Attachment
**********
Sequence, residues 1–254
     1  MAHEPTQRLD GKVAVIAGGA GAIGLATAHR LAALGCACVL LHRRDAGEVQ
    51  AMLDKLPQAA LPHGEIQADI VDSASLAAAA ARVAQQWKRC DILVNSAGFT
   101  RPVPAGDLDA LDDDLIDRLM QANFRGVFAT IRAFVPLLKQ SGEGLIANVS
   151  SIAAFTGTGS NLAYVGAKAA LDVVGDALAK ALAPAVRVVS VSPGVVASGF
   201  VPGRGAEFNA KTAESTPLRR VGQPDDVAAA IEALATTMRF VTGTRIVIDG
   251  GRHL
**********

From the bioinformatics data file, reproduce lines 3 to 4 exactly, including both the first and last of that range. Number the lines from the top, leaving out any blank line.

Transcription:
    51  AMLDKLPQAA LPHGEIQADI VDSASLAAAA ARVAQQWKRC DILVNSAGFT
   101  RPVPAGDLDA LDDDLIDRLM QANFRGVFAT IRAFVPLLKQ SGEGLIANVS